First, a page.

How the Dentist Helps Your Heart

Tools

Story Updated: Dec 6, 2012

No matter how busy you are, here is another reason you should make time for regular dental visits: They can save your life.

Heart disease is the biggest killer of American women, and women who get adequate dental care reduce their risk of heart attack, stroke and other cardiovascular problems by at least one-third, according to a new study from the University of California, Berkeley. The study links artery-clogging plaque, a major cause of heart attack and stroke, to bacteria in the mouth.

The Berkeley study, which involved people over age 43, also found that while women receiving dental care reduced their cardiovascular risk by at least one-third, men did not see any heart health benefit. This may be because dental care has the most effect in the earliest stages of heart disease, says lead author Timothy Brown, Ph.D., a professor of health policy and management at UC Berkeley's School of Public Health. Since women tend to develop heart disease about 10 years later than men, the women in the study were less likely to have advanced heart disease.

How can you tell if plaque is taking you down the wrong path? "If your gums bleed when you floss or brush, it's quite possible that bacteria are getting into the bloodstream that could lead to stroke or heart attack later in life," says Kevin Muench, a family dentist in Maplewood, N.J. So get to the dentist soon -- regular dental visits typically involve preventive procedures to keep gums healthy and guard against inflammation, which can create a portal into the bloodstream for bacteria.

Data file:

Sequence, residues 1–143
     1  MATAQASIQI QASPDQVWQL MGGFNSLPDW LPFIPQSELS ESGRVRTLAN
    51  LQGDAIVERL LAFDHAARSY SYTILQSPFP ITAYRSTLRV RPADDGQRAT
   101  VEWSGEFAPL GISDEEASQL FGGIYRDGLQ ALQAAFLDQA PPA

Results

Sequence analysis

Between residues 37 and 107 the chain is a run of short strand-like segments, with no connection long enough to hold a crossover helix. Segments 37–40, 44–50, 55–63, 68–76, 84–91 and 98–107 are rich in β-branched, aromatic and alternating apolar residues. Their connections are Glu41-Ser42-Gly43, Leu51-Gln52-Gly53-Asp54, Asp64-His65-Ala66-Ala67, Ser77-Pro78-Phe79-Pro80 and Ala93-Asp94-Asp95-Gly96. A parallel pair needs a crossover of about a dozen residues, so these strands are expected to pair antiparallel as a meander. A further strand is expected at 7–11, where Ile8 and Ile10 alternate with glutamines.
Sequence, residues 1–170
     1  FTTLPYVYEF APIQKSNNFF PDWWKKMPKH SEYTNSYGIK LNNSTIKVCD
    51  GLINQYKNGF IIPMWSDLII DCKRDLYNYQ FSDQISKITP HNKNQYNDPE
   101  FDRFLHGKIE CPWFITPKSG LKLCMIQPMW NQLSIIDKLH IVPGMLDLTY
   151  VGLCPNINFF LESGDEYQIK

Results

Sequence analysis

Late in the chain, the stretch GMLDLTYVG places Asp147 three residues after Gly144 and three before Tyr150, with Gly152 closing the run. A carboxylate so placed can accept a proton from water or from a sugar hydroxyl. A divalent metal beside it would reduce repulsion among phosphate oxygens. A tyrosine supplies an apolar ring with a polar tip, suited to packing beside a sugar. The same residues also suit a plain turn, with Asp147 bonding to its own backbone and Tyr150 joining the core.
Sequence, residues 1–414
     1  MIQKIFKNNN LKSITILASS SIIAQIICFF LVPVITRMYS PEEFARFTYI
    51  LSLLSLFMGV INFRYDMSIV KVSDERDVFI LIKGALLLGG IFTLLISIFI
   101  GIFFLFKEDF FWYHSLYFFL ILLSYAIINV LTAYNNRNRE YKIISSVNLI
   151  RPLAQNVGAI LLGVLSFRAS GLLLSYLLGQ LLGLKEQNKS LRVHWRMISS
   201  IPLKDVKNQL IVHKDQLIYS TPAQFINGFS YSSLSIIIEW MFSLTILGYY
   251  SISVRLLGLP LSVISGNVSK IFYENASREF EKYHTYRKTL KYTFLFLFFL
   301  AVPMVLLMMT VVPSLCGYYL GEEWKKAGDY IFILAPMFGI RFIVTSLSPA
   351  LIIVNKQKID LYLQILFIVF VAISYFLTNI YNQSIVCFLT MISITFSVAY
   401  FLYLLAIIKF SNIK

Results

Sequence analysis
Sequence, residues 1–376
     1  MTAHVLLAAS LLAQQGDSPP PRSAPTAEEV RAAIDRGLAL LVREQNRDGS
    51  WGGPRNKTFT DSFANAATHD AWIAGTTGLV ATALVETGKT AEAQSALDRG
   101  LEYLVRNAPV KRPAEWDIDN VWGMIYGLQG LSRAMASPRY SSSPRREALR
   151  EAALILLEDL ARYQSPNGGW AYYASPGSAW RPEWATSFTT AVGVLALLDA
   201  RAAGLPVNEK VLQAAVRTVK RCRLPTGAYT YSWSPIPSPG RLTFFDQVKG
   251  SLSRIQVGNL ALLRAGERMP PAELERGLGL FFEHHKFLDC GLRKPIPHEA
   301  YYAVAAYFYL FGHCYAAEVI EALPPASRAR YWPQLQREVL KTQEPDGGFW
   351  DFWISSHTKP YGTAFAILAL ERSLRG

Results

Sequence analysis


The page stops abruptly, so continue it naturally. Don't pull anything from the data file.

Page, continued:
And if you're not due back to the dentist in a while, follow the two cardinal rules of long-term health in the meantime to reduce your risk of heart disease and keep your smile healthy:

1. Slow down on sugar.

Sugar, long associated with cavities, is now being blamed for increasing risk of heart disease. Last year, the American Heart Association recommended limiting daily sugar intake to about 6 teaspoons for women and about 9 teaspoons for men.

2. Make flossing a habit.

Regular flossing may reduce risk of heart attack, according to a new study from University of Bristol in England. Flossing daily helps reach those areas of the mouth the toothbrush can't, protecting against inflamed gums, which open the door to dangerous bacteria that may trigger deadly heart disease.

Add a comment

Name:

Comment: 250 Characters Left

WBNG and its affiliated companies are not responsible for the content of comments posted or for anything arising out of use of the above comments or other interaction among the users. We reserve the right to screen, refuse to post, remove or edit user-generated content at any time and for any or no reason in our absolute and sole discretion without prior notice, although we have no duty to do so or to monitor any Public Forum.

Featured Professional

Ophthalmology

Guthrie Specialty Eye Care



Interviews with Dr. Lester McDonald
Interviews with Dr. Chaudhri

Guthrie Specialty Eye Care is proud to offer a wide range of comprehensive eye care services from basic eye health screenings to some of the most sophisticated eye surgical procedures available.

Guthrie Specialty Eye Care offers you six convenient locations, with six board-certified ophthalmologists, nine therapeutic optometrists and more fellowship-trained sub-specialists than any other eye care provider in the area.

Comprehensive services include cataract surgery, cataract surgery with Crystalens HD, corneal implants, diabetic eye care, dry eye care, macular degeneration, retinal detachments and disorders, eye infections, glaucoma, muscle surgery (cross eyes), and pediatric ophthalmology.

Cataract Surgery is one of the most common eye services available. Guthrie now has options that include Crystalens.

To learn more about Crystalens or other Guthrie Specialty Eye Care services, please log on to www.guthrie.org/eyes.

Guthrie Specialty Eye Care – Committed to Quality – Experience You Can Trust